The answer was difficult indeed, as actually after half a century of exploration of the Great Moravian period no walled church or profane building from the 9th till the fi rst half of the 10th century has been found in the territory of Great Moravia. It has been proved, that the first building phase of the church finished as late as in the course of the 11th century and that the church is in the area of a settlement agglomeration from the 9th and the beginning of the 10th century with connections to the Mikulčice fortified settlement Valy. Mapping the finding places hinted at the existence of a historical route from the fortified settlement across the river Morava to the east. The church itself, as it was proved by the exploration of the interior of the nave and the cemetery south of the nave and the vestibule, was built in the site of the older settlement. In its interior and closest proximity people were buried until the 17th – 18th centuries.
The find so far of three Great Moravian graves in 2004 caused a principal change in defining the date of the church‘s origin. The exploration of the church interior and the first two stages of exploration of the cemetery at the church proved that it was built there, where nobody was buried, which means that it was older than the graves. Remains of the grave No. 74 have been found in the nave of the church, which originated aft er the first building phase ceased and contained jewellery from the 11th century. At the southern wall of the church nave and its pulled down vestibule three graves were localized under the graves of the cemetery near the church from the 16th and the 18th centuries, grave No. 3/98 and 106/04 of the oldest horizon of burying at the church, which by their localization, took into consideration the church in the full size of its nave and nartex.
Characteristic Great Moravian jewels – two gilded bronze buttons, a gold earring with a bead and a silver tympanum earring come from the graves 3/98 and 106/04 (?). According to the analogies the date of their origin can be assessed only grossly as coming from the 9th till the beginning of the 10th century with regard to the condition of the analysis of the Veligrad jewellery.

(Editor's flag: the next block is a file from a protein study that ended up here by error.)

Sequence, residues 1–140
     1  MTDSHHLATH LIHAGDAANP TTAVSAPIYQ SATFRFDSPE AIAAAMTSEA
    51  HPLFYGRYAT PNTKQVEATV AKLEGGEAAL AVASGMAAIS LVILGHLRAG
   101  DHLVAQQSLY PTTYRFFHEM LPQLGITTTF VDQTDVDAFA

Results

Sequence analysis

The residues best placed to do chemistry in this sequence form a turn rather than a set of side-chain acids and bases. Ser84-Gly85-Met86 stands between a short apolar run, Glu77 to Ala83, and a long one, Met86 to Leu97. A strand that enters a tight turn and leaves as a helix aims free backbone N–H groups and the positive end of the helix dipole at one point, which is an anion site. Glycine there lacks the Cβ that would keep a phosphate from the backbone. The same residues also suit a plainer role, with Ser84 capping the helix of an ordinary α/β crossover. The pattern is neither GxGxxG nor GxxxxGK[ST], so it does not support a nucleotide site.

The significance of archaeological find reliably defining the building of the church of St. Margaret as late as the period of Rastislav I‘s or Svätopluk I‘s reign sheds diff erent light on the architecture itself and its importance within the context of Mikulčice fortified settlement Valy. The dominant morphological feature of the dispositional solution of the church is its longitudinal three part character: nartex – nave –presbytery, which must have been most probably reflected also in the material structure. If we accept the date of the church‘s origin on the basis of archaeological research, it is necessary to seek for direct models for the Kopčany church in Carolingian cultural region, mediated thanks to the dominant position of the Salzburg archbishopric in christianization of the territory north of the Danube following the synod of 796. Almost identical groundplans can be found in the church of St. Kilian in Höxter (780 – 800), the church of St. Iustus, Laurentius and Bartholomew in Flums (about 800), the church of St. Jacob in Martin in Rauris (9th century), St. Laurentius in Winterthur
(9th –10th centuries), S. Peter and Paul in Bodfeld (9th or 11th centuries), the churches in Sudburg (9th century). This type was probably derived from the large Benedictine monastery churches with similar dispositional division which can be found e. g. in Lorsch-Altenmünster from 760 – 764 or in Regensburg-Niedermünster from the mid 8th century. In the context of the Great Moravian sacred architecture the disposition of the Church of St. Margaret is atypical. Archaelogical research in the broader environs of the building could help in defining its function. We cannot exclude the possibility that it was a monastery church.
The Church of St. Margaret of Antioch is so far the only materially completely preserved Great Moravian church whose period of existence can be defined. Thanks to the fact that it has been so well preserved it is a unique evidence of Christian cultural traditions, forming the Central European region. The building comprises a great number of original elements
and architectural-building details. After the completion of research and restoration it will be one of the central buildings of the prepared archaeological park Mikulčice-Kopčany.